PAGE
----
Immigration has gradually changed. An earlier wide spectrum of immigrants has been replaced by asylum seekers from mainly Muslim countries such as Syria, Somalia and Afghanistan. These asylum seekers are ill-equipped for life in the high-tech Swedish society. Employment statistics show that over 60 percent of the new arrivals and their relatives have a very “rudimentary education”, which means that many of them are actual or practical illiterates. This makes it particularly difficult for them to find employment. According to Eurostat, only 2.5 percent of the jobs are available for them [based on their qualifications — translator] compared with other EU countries where jobs for workers without any formal qualifications amount to 17 percent. This means that there are extremely few jobs on offer for asylum seekers and their dependents who are allowed to stay in Sweden. As a result, the already large employment gap of 27 percent between domestic-and foreign-born persons aged 25-64 is increasing (SCB, 2012). The prestigious English magazine The Economist noted in February that a large proportion of the non-European immigrants that are allowed to settle in Sweden end up living on the dole.
21 percent are refugees
Every asylum seeker is described as a “refugee” by the media. This is not true, because the definition of “refugee” is tied to the Geneva Convention and the Immigration Act. Of all the asylum seekers that were allowed to stay in Sweden under Fredrik Reinfeldt’s prime ministership, up until 2013, only 21 per cent were refugees. If we go as far back as 1980 the corresponding figure is considerably lower, only 10 percent. Nearly half of the asylum seekers were allowed to stay on humanitarian grounds, while about a quarter were granted political asylum (the Migration Board’s statistics are incomplete during the first half of the eighties).
In recent years the number of individuals that have managed to obtain family reunification visas is three times higher than those that have been granted political asylum. The majority of the family reunification applications involves newly established relationships. In other words, it’s not family reunification per se, but rather partners who are being brought over from the applicants’ former homelands. It should also be noted that Sweden, as far as we’ve been able to determine, is the only country that allows welfare recipients to bring over relatives to Sweden who are also very likely to end up living on welfare. The general rule in the rest of Europe is that anyone who brings over family members or partners is financially responsible for them. According to Minister of Immigration Tobias Billström, fewer than one percent of those that are issued with family reunification visas manage to provide for themselves.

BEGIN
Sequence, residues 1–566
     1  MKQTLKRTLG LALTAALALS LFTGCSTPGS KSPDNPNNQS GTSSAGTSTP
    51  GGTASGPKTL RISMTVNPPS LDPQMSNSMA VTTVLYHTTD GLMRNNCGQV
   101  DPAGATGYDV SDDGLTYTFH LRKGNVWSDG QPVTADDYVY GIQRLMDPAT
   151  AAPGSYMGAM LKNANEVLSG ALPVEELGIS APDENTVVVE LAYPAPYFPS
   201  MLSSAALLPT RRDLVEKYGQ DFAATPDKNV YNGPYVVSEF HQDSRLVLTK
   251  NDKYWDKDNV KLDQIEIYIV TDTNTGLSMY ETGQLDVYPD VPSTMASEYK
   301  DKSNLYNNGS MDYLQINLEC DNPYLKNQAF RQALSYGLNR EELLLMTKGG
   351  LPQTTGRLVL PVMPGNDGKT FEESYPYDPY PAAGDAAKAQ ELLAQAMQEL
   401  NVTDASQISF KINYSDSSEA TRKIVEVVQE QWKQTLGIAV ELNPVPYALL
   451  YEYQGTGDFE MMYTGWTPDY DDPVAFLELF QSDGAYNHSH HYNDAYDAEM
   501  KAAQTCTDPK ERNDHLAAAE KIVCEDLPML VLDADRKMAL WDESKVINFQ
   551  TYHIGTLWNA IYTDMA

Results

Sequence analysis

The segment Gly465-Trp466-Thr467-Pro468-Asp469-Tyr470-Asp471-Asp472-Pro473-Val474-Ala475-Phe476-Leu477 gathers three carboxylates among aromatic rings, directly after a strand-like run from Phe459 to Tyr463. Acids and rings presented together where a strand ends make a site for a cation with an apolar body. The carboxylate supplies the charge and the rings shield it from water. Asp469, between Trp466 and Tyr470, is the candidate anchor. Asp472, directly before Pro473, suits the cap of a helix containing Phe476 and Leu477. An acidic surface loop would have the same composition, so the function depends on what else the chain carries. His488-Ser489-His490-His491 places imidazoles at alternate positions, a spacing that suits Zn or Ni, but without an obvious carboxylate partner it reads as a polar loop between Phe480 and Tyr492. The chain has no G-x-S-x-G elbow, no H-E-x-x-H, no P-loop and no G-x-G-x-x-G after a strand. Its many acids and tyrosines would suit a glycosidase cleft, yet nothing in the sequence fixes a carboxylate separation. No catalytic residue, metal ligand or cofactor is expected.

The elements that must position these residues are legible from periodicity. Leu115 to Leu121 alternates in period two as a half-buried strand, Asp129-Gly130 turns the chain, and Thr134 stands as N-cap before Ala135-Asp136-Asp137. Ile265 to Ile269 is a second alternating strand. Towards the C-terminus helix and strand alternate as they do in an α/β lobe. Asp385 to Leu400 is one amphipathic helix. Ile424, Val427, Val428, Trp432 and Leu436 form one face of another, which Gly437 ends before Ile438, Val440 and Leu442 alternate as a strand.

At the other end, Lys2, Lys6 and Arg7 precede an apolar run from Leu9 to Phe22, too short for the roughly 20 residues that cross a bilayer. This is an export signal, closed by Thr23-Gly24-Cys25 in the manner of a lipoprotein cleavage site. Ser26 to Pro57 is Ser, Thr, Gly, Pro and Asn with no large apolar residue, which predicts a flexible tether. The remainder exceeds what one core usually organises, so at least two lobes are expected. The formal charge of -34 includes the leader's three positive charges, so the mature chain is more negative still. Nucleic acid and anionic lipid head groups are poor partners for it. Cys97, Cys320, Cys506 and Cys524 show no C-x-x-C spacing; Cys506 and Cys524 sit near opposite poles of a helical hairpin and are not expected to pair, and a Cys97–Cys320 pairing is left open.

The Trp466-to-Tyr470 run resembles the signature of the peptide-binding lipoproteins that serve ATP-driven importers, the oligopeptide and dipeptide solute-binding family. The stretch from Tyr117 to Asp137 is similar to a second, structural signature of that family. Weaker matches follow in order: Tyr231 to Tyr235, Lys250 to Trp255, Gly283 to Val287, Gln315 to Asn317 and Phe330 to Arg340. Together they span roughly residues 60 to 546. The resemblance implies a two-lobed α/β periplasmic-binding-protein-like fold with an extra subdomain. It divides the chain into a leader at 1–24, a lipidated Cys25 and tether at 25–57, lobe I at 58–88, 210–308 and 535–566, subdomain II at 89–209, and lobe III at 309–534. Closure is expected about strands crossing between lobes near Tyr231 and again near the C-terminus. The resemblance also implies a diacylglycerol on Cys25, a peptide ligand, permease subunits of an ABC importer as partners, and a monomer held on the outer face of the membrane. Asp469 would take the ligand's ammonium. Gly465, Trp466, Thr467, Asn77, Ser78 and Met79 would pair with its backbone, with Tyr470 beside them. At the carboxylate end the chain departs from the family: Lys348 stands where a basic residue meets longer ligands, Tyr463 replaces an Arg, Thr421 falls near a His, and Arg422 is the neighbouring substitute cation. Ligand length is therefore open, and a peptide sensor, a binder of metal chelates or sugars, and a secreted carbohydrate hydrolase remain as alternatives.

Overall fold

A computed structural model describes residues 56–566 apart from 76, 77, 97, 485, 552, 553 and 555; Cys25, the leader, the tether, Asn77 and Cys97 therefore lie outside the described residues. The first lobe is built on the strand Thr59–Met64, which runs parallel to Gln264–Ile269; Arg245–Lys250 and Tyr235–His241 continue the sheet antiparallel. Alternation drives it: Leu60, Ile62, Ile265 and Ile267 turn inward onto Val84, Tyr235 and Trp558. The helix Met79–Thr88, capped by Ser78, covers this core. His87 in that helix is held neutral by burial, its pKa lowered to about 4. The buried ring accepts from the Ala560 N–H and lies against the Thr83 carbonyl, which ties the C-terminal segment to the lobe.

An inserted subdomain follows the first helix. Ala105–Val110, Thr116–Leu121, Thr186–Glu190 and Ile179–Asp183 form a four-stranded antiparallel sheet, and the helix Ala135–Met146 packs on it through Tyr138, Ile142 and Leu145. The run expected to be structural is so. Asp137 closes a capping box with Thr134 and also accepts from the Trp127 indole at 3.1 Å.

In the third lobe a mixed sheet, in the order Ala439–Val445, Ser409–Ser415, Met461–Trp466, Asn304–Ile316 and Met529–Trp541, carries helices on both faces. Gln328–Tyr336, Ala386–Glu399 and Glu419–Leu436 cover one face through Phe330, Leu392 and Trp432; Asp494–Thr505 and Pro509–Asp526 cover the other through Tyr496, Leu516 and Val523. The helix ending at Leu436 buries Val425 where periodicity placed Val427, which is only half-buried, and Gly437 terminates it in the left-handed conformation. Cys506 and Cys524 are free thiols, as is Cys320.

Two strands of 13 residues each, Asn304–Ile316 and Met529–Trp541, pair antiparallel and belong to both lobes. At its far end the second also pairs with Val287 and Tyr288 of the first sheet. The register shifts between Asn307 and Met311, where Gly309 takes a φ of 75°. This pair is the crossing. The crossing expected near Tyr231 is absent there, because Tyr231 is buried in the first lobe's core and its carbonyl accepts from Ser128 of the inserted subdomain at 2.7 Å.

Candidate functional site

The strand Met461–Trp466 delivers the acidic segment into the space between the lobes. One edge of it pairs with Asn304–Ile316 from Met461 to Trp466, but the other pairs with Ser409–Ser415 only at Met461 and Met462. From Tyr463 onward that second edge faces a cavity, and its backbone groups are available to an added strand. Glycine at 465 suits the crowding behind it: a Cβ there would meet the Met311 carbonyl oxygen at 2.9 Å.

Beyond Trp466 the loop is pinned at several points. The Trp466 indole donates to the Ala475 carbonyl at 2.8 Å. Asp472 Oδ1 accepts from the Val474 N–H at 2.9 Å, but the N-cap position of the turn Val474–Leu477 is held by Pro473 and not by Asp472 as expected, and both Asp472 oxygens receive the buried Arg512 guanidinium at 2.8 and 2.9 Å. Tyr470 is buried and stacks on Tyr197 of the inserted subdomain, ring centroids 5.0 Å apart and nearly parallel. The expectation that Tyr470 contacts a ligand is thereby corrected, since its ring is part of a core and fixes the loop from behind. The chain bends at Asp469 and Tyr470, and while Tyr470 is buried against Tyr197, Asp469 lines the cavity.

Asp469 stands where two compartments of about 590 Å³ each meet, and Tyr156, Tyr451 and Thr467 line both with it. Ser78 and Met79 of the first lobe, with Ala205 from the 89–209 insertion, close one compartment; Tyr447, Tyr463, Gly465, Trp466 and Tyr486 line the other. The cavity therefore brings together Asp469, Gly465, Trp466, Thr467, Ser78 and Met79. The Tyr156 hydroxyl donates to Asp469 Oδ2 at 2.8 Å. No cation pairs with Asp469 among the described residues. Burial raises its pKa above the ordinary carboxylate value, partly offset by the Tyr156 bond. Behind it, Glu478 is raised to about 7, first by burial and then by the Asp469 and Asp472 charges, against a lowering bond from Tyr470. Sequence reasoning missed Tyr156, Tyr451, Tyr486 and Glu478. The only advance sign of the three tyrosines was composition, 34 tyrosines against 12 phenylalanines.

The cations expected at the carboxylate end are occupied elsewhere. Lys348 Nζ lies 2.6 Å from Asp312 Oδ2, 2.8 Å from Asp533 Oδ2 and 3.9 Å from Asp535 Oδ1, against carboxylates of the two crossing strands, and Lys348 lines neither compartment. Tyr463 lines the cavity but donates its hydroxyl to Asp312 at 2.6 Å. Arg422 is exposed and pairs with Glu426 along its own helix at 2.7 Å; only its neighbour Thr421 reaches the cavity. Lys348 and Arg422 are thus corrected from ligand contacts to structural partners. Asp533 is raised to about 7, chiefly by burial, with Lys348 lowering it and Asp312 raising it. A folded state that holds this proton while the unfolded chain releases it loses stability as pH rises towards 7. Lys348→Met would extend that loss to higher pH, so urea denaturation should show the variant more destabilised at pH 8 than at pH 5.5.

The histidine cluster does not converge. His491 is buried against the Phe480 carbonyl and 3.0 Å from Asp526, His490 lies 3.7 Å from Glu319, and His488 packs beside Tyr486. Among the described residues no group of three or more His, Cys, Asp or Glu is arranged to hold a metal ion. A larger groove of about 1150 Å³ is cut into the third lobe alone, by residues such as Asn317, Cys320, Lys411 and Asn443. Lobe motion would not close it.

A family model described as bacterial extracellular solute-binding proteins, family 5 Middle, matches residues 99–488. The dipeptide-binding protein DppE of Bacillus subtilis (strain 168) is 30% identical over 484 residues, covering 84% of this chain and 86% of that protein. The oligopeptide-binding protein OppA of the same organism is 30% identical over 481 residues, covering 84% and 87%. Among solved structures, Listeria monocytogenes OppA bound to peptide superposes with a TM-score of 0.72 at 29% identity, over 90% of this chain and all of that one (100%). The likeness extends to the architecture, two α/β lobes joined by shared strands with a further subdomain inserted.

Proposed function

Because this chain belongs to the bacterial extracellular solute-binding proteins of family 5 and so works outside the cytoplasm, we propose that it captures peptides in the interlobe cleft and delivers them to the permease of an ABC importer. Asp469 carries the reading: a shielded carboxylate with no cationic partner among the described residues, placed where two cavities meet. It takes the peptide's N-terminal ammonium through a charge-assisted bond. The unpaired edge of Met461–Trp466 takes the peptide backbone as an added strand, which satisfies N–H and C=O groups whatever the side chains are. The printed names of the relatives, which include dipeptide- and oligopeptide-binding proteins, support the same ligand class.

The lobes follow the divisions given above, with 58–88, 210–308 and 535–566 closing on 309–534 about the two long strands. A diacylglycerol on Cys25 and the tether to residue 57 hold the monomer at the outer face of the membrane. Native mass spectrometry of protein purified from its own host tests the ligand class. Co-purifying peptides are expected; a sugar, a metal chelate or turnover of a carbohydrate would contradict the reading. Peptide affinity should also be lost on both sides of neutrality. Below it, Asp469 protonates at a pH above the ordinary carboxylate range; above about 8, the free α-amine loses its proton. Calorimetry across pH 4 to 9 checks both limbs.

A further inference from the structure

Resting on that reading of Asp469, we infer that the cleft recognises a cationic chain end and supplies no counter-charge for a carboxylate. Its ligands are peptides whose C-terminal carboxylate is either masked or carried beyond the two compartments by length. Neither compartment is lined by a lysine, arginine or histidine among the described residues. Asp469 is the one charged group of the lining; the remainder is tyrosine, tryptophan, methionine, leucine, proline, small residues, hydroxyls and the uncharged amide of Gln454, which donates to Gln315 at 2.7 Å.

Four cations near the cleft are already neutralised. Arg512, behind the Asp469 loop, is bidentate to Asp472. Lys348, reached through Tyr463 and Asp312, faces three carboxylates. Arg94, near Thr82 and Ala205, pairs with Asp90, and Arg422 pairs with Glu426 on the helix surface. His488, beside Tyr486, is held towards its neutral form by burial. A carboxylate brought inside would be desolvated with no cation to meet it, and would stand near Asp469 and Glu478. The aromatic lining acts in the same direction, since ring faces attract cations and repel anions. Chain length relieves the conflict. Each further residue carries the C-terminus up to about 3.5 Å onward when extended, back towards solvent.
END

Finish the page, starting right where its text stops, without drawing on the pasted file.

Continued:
Sweden is also the country that receives the largest amount of so-called unaccompanied refugee children. In 2012, 3,600 refugee children applied for political asylum. More than two-thirds of those were issued with permanent residence permits. No other country even comes close to such figures. These young asylum seekers arrive mainly from Somalia and Afghanistan. “Young asylum seekers” is a more accurate term, because before a review of their cases has been carried out, no one knows whether they are unaccompanied, are eligible for refugee status, or are minors. That the latter is not always the case has been proven in our neighbouring countries following X-rays of their wrists and teeth.
Smuggling of asylum Seekers